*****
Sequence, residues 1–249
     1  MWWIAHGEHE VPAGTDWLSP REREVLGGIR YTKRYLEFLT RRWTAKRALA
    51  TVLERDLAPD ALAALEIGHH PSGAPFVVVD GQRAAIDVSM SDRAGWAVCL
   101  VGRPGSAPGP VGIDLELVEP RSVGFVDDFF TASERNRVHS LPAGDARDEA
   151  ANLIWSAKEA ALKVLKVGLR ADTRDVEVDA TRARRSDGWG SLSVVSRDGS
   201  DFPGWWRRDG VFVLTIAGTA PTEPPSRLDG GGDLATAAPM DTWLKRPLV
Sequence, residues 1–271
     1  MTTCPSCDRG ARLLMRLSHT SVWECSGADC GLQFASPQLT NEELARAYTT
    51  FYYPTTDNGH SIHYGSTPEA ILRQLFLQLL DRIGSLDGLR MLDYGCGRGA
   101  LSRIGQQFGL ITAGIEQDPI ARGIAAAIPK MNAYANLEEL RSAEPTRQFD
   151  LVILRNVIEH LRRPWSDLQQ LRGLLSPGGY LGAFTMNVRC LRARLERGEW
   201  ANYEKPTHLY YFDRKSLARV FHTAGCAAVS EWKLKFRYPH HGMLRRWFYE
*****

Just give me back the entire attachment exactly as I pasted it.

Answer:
Sequence, residues 1–249
     1  MWWIAHGEHE VPAGTDWLSP REREVLGGIR YTKRYLEFLT RRWTAKRALA
    51  TVLERDLAPD ALAALEIGHH PSGAPFVVVD GQRAAIDVSM SDRAGWAVCL
   101  VGRPGSAPGP VGIDLELVEP RSVGFVDDFF TASERNRVHS LPAGDARDEA
   151  ANLIWSAKEA ALKVLKVGLR ADTRDVEVDA TRARRSDGWG SLSVVSRDGS
   201  DFPGWWRRDG VFVLTIAGTA PTEPPSRLDG GGDLATAAPM DTWLKRPLV
Sequence, residues 1–271
     1  MTTCPSCDRG ARLLMRLSHT SVWECSGADC GLQFASPQLT NEELARAYTT
    51  FYYPTTDNGH SIHYGSTPEA ILRQLFLQLL DRIGSLDGLR MLDYGCGRGA
   101  LSRIGQQFGL ITAGIEQDPI ARGIAAAIPK MNAYANLEEL RSAEPTRQFD
   151  LVILRNVIEH LRRPWSDLQQ LRGLLSPGGY LGAFTMNVRC LRARLERGEW
   201  ANYEKPTHLY YFDRKSLARV FHTAGCAAVS EWKLKFRYPH HGMLRRWFYE